Monday, 8 April 2019
Dr Nicholas Lambert
Department of Physics
University of Otago
"Detecting microwaves with superconducting nanostructures"
Superconducting circuits have remarkable properties, including engineered non-linearities, low losses and field tunable energy landscapes, that allow them to be used as qubits, quantum limited amplifiers and detectors. They are typically operated at temperatures below 100 mK, using a dilution refrigerator and exploiting the exotic properties of He-3. Both measurement and control of the circuits can be established using high frequency electrical techniques, allowing sensitive and high bandwidth measurements of a device's impedance. In this talk, I will describe radio-frequency reflectometry measurements of a superconducting nanostructure that allow us to probe its charge state with ~10 kHz bandwidth and observe the breaking of Cooper pairs in real time. By controlling the state of the device, we demonstrate sensitivity to single microwave photons, with a controllable photon energy threshold. We then carry out spectroscopy on thermal sources within our cryogenic environment.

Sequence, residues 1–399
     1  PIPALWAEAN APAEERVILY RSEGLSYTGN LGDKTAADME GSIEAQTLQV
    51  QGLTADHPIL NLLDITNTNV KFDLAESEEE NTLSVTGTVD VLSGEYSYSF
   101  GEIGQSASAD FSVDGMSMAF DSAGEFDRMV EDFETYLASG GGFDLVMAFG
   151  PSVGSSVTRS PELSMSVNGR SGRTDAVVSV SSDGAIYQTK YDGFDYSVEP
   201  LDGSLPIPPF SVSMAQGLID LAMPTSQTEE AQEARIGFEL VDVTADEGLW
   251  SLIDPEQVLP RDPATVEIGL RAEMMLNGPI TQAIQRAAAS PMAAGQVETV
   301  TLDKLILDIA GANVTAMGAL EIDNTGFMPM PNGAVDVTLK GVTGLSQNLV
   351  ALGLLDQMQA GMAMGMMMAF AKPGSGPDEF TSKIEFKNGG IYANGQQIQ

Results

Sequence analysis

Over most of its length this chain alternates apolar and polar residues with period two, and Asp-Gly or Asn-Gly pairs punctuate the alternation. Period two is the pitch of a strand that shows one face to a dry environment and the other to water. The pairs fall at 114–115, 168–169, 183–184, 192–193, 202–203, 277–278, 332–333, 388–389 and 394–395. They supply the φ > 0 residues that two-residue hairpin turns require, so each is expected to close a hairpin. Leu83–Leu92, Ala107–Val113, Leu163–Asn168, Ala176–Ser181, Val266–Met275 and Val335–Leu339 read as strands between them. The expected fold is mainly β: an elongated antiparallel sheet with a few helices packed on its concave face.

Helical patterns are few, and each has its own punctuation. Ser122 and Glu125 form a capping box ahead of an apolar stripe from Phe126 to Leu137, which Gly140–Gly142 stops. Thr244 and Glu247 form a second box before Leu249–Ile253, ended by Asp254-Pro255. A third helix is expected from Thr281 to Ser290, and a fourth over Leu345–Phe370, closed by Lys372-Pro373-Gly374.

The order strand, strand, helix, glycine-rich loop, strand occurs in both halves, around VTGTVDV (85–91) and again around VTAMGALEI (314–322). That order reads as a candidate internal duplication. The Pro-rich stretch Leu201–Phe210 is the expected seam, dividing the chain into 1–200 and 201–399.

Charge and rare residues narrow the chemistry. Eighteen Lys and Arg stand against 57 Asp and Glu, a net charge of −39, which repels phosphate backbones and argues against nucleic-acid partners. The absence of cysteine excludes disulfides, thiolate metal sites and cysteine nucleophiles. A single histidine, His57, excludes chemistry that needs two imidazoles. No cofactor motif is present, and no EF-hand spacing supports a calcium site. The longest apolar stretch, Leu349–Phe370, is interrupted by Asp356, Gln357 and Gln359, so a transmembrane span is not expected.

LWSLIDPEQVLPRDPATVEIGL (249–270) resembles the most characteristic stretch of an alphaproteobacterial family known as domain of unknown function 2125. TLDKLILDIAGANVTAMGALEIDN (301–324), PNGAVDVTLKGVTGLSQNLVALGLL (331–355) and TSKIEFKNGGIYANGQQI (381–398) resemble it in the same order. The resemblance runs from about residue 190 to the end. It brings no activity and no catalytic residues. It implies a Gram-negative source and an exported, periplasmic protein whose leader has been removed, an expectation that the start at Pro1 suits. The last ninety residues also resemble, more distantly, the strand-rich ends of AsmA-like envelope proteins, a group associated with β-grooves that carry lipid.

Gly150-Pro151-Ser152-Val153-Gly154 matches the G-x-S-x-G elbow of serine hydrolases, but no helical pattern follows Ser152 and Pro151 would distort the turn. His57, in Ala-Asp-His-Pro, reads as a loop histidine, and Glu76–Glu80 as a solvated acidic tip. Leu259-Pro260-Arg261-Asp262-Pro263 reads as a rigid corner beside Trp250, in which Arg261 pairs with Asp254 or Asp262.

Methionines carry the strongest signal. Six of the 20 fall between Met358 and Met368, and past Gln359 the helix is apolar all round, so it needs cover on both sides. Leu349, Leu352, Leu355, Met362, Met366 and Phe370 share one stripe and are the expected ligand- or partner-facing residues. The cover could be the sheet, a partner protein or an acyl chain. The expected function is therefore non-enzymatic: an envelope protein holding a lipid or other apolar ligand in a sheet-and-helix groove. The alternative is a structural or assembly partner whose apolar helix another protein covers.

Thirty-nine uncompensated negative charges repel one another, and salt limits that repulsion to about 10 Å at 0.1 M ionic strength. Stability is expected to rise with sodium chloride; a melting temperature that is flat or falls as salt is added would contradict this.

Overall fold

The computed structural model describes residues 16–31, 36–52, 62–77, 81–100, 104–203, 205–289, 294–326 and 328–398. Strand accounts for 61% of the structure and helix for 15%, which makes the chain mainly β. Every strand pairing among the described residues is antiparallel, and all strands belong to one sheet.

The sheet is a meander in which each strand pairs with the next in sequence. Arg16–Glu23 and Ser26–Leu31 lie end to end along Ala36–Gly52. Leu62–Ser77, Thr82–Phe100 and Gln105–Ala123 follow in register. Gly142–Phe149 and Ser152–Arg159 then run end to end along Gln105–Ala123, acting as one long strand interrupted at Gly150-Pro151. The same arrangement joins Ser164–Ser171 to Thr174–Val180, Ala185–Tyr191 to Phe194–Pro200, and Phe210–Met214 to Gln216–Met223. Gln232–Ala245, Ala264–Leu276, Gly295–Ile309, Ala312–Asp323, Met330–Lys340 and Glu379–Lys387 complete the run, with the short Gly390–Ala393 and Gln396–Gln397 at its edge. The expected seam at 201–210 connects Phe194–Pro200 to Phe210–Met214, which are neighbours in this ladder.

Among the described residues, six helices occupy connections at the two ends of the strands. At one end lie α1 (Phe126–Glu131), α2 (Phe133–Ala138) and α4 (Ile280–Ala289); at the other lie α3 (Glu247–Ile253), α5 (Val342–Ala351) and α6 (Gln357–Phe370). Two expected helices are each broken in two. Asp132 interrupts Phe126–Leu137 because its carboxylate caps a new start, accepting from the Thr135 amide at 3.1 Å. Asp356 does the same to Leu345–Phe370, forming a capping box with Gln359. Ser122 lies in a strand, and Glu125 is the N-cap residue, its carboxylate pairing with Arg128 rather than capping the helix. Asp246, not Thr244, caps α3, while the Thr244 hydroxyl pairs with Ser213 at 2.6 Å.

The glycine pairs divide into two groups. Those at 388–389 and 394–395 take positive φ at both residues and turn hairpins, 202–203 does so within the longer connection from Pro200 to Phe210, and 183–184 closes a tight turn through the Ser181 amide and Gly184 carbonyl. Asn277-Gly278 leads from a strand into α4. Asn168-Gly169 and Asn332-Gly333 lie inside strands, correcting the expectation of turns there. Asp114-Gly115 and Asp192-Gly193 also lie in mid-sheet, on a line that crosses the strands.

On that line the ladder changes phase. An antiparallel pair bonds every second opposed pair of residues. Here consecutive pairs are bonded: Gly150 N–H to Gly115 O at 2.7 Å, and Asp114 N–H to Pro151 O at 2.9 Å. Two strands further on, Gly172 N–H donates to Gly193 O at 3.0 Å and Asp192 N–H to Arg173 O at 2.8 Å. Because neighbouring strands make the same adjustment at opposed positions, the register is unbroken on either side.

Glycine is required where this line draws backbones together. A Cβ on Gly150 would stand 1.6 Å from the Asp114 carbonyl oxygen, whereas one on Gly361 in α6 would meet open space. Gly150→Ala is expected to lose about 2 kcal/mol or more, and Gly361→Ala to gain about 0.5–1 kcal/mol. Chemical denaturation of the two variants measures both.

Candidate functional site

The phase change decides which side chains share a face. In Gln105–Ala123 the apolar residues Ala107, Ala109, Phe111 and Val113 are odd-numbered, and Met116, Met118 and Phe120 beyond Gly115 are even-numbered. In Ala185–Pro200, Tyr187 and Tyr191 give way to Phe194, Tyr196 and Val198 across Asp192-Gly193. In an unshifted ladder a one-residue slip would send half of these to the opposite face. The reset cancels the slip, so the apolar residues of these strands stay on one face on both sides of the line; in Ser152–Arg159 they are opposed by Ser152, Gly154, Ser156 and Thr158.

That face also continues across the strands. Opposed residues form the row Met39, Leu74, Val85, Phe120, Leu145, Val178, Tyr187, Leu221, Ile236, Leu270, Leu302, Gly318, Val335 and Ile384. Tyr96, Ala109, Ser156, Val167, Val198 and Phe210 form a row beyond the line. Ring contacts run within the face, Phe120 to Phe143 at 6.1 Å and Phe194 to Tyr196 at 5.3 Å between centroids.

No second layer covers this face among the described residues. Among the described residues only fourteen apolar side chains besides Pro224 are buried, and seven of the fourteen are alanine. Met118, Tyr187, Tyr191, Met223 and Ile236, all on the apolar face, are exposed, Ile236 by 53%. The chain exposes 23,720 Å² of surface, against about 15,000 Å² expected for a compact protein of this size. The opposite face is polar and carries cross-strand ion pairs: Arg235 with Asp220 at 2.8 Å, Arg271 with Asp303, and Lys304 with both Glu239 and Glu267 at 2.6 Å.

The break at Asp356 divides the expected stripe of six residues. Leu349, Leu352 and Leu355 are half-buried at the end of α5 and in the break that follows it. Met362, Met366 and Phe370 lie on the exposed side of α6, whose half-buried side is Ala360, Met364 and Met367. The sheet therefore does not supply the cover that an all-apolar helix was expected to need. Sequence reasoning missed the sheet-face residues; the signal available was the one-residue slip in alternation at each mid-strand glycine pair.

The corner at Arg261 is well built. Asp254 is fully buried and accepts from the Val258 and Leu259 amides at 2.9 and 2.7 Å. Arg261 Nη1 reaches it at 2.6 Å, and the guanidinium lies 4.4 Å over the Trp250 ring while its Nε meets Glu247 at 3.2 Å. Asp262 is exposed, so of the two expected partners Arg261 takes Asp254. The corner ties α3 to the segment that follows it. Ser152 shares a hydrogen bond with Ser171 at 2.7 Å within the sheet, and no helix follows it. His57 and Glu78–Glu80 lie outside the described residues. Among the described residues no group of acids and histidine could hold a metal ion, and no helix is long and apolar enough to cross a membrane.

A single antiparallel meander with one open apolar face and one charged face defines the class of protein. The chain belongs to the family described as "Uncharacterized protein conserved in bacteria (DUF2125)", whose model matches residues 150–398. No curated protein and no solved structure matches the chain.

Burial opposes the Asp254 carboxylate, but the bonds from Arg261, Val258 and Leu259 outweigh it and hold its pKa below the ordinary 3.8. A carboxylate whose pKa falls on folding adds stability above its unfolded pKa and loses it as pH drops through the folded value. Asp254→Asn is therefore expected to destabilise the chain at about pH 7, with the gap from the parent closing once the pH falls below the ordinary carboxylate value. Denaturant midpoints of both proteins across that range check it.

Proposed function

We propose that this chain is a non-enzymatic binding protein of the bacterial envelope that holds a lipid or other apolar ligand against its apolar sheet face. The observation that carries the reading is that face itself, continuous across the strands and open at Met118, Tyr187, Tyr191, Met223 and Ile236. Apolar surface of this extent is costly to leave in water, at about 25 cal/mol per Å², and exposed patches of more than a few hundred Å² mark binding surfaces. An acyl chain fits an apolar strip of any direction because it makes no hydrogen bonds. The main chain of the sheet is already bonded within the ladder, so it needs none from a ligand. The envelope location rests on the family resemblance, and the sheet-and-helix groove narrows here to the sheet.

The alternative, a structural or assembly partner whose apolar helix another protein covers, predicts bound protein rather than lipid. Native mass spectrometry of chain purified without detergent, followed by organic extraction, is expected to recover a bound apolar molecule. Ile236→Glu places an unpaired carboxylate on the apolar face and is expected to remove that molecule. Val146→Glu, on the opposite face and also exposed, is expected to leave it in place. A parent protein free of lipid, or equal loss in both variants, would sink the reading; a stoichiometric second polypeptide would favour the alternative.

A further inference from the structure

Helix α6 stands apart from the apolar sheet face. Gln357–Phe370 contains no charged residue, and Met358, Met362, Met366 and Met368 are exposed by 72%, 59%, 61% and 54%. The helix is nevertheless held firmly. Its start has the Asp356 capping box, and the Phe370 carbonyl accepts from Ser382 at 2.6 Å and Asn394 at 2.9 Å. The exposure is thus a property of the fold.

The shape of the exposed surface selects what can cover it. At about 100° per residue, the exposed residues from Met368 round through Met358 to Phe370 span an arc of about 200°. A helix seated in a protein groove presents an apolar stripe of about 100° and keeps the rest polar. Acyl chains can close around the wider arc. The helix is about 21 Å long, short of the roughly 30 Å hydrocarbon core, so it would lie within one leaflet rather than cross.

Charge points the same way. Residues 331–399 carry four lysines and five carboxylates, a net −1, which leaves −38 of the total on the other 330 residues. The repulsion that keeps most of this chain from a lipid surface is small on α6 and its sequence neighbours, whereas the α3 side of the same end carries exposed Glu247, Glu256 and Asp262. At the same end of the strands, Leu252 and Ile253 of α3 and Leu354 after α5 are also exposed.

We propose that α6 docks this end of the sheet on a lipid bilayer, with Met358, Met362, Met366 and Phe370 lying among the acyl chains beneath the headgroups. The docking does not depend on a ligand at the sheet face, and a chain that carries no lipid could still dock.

WHEN: Monday 8 April 2019
WHERE: Room 314, Science 3 Building
TIME: 3.00 pm–4.00 pm
All interested are welcome to attend
Light refreshments to follow in Common Room